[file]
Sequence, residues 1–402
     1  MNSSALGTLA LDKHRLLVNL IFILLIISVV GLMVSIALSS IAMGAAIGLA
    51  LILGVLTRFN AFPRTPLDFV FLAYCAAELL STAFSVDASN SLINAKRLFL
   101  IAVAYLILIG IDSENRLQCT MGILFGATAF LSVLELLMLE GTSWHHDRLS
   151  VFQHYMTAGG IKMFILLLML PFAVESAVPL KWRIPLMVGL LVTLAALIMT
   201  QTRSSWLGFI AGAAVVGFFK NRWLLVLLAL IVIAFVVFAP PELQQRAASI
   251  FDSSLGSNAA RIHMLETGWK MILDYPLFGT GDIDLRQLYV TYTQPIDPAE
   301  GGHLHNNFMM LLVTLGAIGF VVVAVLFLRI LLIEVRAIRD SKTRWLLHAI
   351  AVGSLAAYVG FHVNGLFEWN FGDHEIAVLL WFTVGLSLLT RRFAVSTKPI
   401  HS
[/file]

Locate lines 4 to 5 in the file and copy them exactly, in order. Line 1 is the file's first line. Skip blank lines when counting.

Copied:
   101  IAVAYLILIG IDSENRLQCT MGILFGATAF LSVLELLMLE GTSWHHDRLS
   151  VFQHYMTAGG IKMFILLLML PFAVESAVPL KWRIPLMVGL LVTLAALIMT